How do we diet? The vintage advert below says we can eat as much as we like so long as we take some ‘sanitized’ tapeworms (!). While this might seem an outdated and dangerous way to lose weight, it speaks to a long tradition of extreme diets and weight loss supplements that can range from mostly useless to sometimes lethal. Despite the allure of advertising, rapid weight loss usually comes with a decline in muscle mass, which in turn reduces the body’s basal metabolic rate and leads to rapid weight re-gain in the form of fat. Yet at a time when many people are becoming heavier, thinness is increasingly taken as a proxy for good health. Popular culture has a tendency to equate being thin with all kinds of positive attributes: self-control, success, ambition, liveliness. In turn, losing weight has become a moral imperative. Fuelled by such deeply ingrained beliefs, a multibillion dollar diet industry thrives on sustaining the idea that weight loss is necessary to achieve happiness. The flipside of this quest for thinness is the stigmatisation of and discrimination against overweight and obese people.
Recent years have seen body weight mobilised as a primary object of health governance. Obesity is linked to an increased risk of numerous non-communicable diseases; indeed the World Health Organization (WHO) estimates the number of deaths associated with obesity at 2.8 million per year. A number of studies that quantify the economic cost of obesity on national health systems have alarmed governments and pushed them to act. In the UK, the National Health Service has promoted Change 4Life, a project aimed to help citizens make educated healthy choices about their diets and physical activity. It aims to make people ‘food smart’, teaching them to read labels and ‘nudging’ them towards healthy choices. Individuals are thus expected to become responsible for their health, understood as weight, via ‘better’ consumption choices.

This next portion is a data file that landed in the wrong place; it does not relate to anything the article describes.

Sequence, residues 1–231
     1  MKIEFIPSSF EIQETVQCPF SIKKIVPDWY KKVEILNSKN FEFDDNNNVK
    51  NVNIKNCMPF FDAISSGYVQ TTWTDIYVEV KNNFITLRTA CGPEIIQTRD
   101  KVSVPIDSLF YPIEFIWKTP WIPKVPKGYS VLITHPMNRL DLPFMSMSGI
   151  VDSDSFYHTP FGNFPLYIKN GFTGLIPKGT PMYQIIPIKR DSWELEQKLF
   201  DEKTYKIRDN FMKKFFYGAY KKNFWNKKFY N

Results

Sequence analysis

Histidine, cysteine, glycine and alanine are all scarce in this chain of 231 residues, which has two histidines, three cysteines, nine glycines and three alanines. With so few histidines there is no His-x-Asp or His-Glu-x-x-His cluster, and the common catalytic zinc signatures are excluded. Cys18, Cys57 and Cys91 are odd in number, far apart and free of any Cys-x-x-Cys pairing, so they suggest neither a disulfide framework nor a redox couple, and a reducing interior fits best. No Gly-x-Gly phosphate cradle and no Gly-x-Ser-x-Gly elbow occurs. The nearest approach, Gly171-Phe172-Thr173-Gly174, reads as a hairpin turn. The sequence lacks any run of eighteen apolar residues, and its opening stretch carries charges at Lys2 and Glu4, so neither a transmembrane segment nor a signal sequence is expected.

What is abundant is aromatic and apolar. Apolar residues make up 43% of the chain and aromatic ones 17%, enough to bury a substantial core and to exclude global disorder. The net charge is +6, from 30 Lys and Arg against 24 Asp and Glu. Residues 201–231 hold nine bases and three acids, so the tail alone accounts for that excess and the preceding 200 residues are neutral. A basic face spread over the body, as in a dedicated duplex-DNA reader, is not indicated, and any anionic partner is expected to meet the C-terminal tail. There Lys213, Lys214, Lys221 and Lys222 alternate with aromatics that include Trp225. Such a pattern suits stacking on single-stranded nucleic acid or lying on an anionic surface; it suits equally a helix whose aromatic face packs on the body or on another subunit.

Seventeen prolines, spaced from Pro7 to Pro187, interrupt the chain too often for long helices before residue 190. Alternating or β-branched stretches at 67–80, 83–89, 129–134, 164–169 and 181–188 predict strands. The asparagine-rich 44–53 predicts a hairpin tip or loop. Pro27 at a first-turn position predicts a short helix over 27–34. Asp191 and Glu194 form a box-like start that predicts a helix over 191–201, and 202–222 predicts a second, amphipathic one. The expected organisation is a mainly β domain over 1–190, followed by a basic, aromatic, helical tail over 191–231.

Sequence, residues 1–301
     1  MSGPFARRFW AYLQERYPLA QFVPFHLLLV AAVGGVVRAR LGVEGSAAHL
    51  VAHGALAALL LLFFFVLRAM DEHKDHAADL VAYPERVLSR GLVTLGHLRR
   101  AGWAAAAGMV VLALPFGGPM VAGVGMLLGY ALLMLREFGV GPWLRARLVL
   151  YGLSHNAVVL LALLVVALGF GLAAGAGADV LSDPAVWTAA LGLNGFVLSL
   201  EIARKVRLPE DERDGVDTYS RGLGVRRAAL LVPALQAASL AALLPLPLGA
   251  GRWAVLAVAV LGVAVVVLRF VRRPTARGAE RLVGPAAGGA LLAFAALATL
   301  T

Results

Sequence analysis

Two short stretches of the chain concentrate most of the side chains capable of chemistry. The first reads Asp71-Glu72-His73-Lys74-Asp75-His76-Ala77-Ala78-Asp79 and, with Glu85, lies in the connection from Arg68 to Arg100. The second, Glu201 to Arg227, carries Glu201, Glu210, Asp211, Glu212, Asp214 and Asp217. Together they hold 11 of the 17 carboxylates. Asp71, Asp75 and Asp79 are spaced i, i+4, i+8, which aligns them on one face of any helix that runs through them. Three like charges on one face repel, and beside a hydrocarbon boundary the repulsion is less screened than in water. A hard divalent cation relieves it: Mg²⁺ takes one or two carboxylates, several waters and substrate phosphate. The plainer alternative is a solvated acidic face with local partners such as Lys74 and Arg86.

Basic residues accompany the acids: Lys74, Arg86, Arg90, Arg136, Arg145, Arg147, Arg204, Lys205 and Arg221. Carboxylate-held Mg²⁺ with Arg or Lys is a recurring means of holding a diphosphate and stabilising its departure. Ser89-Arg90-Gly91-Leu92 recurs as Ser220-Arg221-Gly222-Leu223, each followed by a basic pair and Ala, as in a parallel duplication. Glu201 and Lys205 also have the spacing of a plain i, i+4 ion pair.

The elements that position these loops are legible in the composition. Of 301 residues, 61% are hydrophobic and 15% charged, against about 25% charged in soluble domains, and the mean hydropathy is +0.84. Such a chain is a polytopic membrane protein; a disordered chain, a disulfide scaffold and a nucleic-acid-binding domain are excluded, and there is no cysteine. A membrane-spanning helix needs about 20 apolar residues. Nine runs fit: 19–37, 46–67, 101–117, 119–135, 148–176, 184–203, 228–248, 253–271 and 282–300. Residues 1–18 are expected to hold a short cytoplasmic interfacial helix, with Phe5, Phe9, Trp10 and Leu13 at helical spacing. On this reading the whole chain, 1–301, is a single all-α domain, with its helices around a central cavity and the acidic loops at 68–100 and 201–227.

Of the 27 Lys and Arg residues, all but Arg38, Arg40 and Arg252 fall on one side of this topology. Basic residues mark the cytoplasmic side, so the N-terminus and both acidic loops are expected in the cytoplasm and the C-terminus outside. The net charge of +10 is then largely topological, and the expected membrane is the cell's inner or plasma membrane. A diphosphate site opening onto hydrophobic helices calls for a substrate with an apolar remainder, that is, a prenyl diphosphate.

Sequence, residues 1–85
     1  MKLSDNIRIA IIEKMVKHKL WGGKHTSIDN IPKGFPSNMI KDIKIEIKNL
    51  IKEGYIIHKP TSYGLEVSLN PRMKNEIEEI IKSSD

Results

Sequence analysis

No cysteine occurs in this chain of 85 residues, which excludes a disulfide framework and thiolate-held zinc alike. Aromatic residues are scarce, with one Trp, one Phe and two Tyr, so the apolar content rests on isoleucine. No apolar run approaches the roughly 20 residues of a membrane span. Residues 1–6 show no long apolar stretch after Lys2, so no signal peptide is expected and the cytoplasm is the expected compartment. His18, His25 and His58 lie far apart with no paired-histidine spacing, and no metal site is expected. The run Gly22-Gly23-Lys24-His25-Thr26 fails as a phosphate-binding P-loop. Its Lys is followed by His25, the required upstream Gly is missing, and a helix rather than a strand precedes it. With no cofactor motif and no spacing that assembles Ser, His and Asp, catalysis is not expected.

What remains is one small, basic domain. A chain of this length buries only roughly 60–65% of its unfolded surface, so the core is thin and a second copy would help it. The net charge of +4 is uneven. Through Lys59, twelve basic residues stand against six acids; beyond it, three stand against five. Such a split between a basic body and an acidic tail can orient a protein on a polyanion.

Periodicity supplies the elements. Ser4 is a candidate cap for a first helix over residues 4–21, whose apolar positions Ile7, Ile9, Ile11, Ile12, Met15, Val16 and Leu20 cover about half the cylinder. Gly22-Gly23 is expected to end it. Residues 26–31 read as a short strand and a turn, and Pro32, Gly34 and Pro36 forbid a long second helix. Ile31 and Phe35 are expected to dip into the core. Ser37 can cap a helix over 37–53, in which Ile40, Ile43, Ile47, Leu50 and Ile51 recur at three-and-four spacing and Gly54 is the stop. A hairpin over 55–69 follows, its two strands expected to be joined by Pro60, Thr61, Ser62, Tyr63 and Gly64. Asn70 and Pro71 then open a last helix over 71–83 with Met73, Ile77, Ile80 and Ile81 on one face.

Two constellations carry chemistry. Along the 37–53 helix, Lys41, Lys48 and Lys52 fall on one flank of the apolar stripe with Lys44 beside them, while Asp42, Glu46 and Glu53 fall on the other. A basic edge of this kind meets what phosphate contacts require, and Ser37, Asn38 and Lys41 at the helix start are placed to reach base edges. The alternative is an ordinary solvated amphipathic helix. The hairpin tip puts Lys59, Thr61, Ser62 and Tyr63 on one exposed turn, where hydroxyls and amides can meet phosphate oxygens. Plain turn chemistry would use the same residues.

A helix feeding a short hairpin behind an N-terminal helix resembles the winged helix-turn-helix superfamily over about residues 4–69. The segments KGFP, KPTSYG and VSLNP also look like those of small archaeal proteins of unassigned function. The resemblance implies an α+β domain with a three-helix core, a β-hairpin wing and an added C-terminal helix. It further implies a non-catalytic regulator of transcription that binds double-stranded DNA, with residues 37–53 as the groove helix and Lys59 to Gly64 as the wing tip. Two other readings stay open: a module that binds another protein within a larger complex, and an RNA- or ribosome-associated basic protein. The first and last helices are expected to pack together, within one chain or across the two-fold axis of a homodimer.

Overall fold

Change4Life: Be Food Smart TV advert
On this view, weight management is framed as a moral issue of individual responsibility, where the public costs – to the NHS and taxpayers – are set against the individual irresponsibility of eating unhealthy food. Whether intentional or not, such a moral economy can easily overlap with a wider social stigma against obese or sedentary people in general. Indeed, by focusing solely on the individual, public health initiatives neglect or even obscure the structural context of food consumption, which produces a food environment rich in high calorie, high sugar, yet cheap foods.